A Quick Guide To Due Diligence When Buying A Business

Business people shaking hands together

Whilst any sensible person will take care to check all aspects of any large purchase they make, this goes on to an even higher level when it comes to purchasing a business. Given that the sum of money that you are like to be paying will be substantial, this makes the financial risks significant. In addition, if you purchase a business without due diligence you could find yourself in a situation where you fall foul of commercial law, due to actions taken by the previous owners.

The key phrase in the first paragraph is ‘due diligence and within this article, we are going to outline the core principles of the due diligence you should take if considering buying a business. In addition, we also urge you to employ the services of a commercial lawyer who can ensure that every aspect of the transaction is legally sound and provide you legal protection too.

When you are carrying out your due diligence, almost all the checks that you make will fall within one of three distinct areas. These are financial, operations, and legal. Below we outline some of the specific checks you will want to make within each one of these.

Commercial And Business Operations

These checks relate to the day to day operations of the business. It is a means of checking that the viability of the business you are considering purchasing is sound and that the prospects for its future success are good. Individuals queries could include:

  • Opportunities For Growth: Does the business exist in an expanding or declining industry?
  • Location: Is the business’s location a positive or negative influence on its success? Are there any building developments imminent?
  • Local Competition: How strong or weak is its competitors if it has any?
  • Key Assets: What condition are essential assets such as computers, vehicles, office furniture? Are they in imminent need of renewal?

One final question to ask in this is one of yourself, and that is, “Do your skills, knowledge and experience match what is required to run this business successfully?”.

Financial Accounts

Likely your most important consideration will be the financial state of the company. This will require looking at their annual accounts, management accounts, valuations of their assets and a detailed breakdown of liabilities. Other financial elements to check are:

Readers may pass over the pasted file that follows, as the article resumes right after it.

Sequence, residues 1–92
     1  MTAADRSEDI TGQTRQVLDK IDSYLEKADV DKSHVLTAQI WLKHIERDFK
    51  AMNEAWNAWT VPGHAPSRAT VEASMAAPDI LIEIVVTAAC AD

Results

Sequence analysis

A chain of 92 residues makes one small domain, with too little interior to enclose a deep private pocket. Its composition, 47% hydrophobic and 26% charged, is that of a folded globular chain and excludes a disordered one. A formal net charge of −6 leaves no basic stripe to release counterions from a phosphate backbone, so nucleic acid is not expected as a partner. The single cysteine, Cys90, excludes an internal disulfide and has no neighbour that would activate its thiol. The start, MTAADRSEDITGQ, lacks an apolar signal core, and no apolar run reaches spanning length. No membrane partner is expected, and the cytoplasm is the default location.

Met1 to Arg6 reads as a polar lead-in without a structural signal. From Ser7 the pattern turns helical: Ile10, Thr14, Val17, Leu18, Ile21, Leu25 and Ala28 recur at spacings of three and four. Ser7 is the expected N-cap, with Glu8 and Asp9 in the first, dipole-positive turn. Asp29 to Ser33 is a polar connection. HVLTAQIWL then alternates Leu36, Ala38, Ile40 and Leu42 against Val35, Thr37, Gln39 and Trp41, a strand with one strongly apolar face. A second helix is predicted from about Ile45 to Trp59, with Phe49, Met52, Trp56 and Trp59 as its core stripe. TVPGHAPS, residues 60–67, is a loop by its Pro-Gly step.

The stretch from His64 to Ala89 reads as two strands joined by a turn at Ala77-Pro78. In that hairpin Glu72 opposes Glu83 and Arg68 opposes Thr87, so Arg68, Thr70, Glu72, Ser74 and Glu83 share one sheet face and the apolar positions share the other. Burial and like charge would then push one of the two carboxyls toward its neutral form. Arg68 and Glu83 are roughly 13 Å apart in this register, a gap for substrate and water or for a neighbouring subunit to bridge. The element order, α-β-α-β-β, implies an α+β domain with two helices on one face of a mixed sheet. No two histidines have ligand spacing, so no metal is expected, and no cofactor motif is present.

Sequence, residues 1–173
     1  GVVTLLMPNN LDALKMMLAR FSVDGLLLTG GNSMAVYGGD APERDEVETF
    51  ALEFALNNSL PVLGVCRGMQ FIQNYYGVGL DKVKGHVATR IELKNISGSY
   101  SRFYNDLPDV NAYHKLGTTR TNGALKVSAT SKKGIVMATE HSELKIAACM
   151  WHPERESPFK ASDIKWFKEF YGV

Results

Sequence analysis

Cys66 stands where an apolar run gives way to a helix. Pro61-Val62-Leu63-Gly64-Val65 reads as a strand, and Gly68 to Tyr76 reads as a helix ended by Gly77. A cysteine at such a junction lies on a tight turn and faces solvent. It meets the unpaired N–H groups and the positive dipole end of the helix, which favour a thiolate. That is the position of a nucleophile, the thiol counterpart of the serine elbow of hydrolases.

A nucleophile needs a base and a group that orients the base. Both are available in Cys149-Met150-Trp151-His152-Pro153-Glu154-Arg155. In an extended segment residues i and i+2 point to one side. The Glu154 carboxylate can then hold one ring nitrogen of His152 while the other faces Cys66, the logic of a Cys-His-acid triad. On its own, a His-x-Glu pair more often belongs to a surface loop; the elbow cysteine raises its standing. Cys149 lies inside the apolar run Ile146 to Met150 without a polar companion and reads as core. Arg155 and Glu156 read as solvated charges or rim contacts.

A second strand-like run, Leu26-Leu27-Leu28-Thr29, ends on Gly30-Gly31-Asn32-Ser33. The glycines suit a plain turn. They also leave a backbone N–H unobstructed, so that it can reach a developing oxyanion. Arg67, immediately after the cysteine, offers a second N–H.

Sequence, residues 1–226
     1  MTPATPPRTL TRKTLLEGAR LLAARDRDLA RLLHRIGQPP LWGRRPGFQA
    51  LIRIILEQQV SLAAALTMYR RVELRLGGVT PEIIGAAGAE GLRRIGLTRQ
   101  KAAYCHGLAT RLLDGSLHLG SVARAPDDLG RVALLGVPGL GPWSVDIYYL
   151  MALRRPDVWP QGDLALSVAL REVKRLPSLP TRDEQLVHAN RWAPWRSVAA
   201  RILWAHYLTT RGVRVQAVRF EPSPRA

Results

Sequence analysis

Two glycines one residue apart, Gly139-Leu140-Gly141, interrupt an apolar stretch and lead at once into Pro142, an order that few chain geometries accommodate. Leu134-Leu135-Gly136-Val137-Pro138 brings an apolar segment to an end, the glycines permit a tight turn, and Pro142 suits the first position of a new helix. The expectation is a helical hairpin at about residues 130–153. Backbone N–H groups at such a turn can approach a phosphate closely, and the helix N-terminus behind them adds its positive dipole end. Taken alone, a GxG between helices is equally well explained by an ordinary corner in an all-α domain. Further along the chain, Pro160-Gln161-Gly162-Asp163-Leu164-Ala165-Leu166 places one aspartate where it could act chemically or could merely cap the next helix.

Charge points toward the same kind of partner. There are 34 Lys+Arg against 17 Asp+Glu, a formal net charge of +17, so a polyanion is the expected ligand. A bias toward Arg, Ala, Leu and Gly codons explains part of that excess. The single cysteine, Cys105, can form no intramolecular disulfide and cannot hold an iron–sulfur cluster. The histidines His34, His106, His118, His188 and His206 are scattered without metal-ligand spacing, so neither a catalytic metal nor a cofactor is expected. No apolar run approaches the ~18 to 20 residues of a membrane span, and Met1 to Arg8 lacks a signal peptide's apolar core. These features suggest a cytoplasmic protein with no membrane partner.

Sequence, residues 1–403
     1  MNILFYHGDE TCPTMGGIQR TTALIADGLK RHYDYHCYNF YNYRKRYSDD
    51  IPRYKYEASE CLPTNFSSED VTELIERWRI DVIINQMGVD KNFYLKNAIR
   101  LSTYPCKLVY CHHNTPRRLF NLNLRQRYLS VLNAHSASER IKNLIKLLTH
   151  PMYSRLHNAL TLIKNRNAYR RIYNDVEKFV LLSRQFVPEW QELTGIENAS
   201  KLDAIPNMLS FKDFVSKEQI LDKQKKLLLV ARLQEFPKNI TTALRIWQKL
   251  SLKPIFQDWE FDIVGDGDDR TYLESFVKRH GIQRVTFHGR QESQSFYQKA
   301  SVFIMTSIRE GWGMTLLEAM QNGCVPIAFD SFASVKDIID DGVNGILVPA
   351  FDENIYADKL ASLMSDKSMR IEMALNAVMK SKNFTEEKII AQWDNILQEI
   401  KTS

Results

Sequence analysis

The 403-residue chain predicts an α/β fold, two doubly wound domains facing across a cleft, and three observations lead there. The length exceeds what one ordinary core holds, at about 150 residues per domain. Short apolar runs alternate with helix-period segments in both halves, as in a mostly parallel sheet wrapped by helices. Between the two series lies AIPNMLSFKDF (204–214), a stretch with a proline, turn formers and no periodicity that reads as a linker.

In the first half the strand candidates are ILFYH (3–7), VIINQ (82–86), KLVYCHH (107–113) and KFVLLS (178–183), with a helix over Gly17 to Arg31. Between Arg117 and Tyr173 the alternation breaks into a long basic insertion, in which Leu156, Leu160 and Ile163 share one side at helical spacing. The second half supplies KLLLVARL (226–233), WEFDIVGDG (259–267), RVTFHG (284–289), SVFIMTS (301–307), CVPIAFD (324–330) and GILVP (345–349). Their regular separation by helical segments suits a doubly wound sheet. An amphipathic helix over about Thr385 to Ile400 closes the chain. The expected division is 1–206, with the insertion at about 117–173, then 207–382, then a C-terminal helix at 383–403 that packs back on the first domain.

• Profitability: Is the business making profits or likely to make profits soon?
  • Tax Returns: Are they up to date and is the correct amount of tax being calculated?
  • Sales Performance: Are sales increasing or decreasing? Are the order books full or empty?
  • Valuation: Taking everything into account, is the valuation of the business accurate?


An area where your commercial lawyer will be of particular help will be due diligence on the business’s legal documentation. Examples include:

  • Seller Information: Who is selling the business? Who are the directors?
  • Ownership Of Assets: Who owns patents, trademarks, copyrights, and the business’s tangible assets such as machinery and property?
  • Existing Contracts: What is the legal status of contracts for leases, with suppliers and with customers?
  • Employees: Are employee contracts valid and legal? Are any pay awards outstanding?
  • Legal Compliance: Is the business compliant with all current commercial and employment laws? Are there any pending lawsuits or legal penalties?

Professionals Who Can Assist You With Due Diligence

Carrying out due diligence on a business can take time, it needs to be thorough, and it also requires a high degree of knowledge within each of the areas we have referred to. For this reason, we highly recommend you employ experts in specific fields to help you.

We have already mentioned using a commercial lawyer who should be the first person you seek out. Beyond them an accountant who can assess and evaluate all the business’s financial documentation is essential. You may also wish to include a business advisor or consultant who can provide you with an independent assessment of how the business operates and pinpoint commercial issues concerning its viability.